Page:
WILLIAM MCGREGOR PAXTON (1869-1941)
WILLIAM MCGREGOR PAXTON (1869-1941)
WILLIAM MCGREGOR PAXTON (1869-1941)
WILLIAM MCGREGOR PAXTON (1869-1941)
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Property from the Estate of Benjamin V. Lambert
WILLIAM MCGREGOR PAXTON (1869-1941)

The Living Room

Details
WILLIAM MCGREGOR PAXTON (1869-1941)
The Living Room
oil on canvas
32 x 26 in. (81.3 x 66 cm.)
Painted in 1941.
Provenance
The artist.
Estate of the above.
Vose Galleries, Boston, Massachusetts.
Sotheby's, New York, 24 May 1990, lot 182.
Acquired by the late owner from the above.
Literature
Boston Sunday Post, November 23, 1941.
E.W. Lee, William McGregor Paxton, 1869-1941, Indianapolis, Indiana, 1979, pp. 51, 148, no. 72, illustrated.
Exhibited
Boston, Massachusetts, Museum of Fine Arts, Boston, William McGregor Paxton, N.A., Memorial Exhibition of Paintings, November-December 1941, no. 31.
Indianapolis, Indiana, Indianapolis Museum of Art; El Paso, Texas, El Paso Museum of Art; Omaha, Nebraska, Joslyn Museum of Art; Springfield, Massachusetts, Museum of Fine Arts, Springfield, William McGregor Paxton, August 16, 1978-May 6, 1979, pp. 52-53, 84-85, no. 72, illustrated.

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Caroline Seabolt
Caroline Seabolt Associate Specialist, Head of Sale

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Lot Essay

William McGregor Paxton's final painting, The Living Room represents the artist's finest interior subjects for which he is most celebrated. Ellen Wardwell Lee writes, "In the spring of 1941 he started a picture of the living room in his own house on Montvale Road and his wife agreed to sit for the figures. He thoroughly enjoyed the work...The start of the picture was extremely promising and he rightly felt that he had never worked with clearer eye or surer hand, a fact to which the uncompleted canvas still bears witness." (William McGregor Paxton, 1869-1941, Indianapolis, Indiana, 1979, p. 51) The artist passed before he was able to finish the painting, a concern which he held until the very end. Indeed, when he was advised by a doctor to rest, he said, "...then I won't finish my picture." (as quoted on p. 51)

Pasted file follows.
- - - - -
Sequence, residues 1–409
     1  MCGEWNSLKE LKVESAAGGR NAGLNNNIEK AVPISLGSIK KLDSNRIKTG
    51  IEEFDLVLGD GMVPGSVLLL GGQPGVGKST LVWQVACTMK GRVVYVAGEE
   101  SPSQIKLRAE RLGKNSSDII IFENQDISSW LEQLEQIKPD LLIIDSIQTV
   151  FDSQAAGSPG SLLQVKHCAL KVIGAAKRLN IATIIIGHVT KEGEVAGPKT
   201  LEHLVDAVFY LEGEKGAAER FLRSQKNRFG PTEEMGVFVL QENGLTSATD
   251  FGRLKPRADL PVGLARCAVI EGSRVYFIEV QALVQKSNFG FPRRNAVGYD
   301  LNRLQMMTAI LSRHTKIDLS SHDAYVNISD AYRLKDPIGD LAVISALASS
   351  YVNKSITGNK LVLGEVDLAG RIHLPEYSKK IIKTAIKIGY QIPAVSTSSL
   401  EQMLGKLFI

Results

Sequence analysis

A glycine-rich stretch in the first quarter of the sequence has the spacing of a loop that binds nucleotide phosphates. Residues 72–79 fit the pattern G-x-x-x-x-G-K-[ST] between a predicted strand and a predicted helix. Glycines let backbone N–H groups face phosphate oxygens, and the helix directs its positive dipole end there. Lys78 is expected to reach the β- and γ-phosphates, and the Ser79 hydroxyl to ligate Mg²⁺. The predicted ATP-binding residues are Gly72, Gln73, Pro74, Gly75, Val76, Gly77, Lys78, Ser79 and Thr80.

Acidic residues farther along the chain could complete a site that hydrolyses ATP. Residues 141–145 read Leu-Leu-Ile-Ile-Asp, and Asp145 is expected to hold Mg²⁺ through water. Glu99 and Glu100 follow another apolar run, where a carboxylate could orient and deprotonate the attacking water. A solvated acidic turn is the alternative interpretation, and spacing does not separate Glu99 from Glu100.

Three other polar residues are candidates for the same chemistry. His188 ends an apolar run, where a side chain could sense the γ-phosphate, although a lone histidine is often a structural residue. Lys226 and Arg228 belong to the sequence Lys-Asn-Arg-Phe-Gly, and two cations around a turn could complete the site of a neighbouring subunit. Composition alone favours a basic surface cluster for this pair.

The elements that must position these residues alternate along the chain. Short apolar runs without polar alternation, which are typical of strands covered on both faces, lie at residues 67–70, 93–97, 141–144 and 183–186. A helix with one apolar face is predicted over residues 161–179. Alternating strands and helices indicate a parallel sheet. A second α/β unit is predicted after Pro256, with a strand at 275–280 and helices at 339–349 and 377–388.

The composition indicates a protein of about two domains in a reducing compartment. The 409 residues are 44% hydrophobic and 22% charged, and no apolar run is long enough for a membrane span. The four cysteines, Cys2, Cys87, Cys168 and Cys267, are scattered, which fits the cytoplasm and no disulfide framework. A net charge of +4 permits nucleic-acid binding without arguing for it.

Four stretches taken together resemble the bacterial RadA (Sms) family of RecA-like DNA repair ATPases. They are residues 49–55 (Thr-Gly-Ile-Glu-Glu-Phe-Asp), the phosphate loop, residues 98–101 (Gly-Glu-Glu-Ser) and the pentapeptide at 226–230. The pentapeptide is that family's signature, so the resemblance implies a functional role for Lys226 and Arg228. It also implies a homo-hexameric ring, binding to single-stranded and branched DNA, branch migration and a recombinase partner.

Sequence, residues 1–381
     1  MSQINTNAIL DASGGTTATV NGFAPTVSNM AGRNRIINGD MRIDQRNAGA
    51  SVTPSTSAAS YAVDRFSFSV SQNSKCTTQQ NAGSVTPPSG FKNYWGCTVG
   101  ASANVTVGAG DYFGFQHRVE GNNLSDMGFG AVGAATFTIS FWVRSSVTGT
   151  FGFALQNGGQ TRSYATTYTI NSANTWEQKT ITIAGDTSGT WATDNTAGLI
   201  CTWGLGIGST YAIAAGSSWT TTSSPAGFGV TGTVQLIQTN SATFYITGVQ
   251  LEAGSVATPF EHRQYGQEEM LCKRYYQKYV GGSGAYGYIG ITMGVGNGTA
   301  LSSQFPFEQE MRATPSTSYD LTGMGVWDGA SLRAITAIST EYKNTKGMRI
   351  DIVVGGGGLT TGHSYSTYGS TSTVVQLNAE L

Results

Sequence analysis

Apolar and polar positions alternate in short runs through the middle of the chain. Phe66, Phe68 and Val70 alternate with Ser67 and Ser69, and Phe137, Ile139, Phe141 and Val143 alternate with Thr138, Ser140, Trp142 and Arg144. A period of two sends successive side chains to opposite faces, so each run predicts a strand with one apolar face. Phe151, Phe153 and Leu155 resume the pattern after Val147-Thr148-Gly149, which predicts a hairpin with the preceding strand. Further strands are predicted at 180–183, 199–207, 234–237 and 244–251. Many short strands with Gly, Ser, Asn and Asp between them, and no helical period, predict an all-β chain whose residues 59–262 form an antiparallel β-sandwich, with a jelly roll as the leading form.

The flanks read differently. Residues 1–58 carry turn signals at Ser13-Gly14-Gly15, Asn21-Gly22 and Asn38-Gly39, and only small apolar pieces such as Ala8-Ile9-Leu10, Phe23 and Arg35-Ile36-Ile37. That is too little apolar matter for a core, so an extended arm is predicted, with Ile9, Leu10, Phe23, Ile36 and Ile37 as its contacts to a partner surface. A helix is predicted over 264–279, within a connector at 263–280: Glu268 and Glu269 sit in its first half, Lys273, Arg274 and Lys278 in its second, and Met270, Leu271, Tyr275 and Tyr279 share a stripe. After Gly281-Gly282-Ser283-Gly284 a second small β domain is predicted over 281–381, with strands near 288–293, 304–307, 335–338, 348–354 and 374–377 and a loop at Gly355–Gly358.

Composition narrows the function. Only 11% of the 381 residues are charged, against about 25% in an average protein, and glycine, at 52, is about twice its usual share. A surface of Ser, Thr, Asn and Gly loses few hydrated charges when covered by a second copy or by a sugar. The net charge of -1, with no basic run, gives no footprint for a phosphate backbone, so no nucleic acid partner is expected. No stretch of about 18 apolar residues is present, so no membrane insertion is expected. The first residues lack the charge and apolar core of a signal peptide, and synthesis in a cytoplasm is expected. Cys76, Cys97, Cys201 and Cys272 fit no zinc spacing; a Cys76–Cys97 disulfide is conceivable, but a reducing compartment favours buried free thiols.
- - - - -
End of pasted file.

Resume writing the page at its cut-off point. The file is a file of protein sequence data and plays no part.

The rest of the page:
Lee writes, "In its detached, unidealized presentation, The Living Room suggests the nameless figures and silent interiors of Edward Hopper. Hopper may have been a student of Ash Can School painter Robert Henri, but like Paxton, he made truth to visual impressions his ambition. Paxton would certainly have known his work, having served on the jury which awarded Hopper top honors at the Corcoran Biennial of 1937." (William McGregor Paxton, 1869-1941, p. 148)
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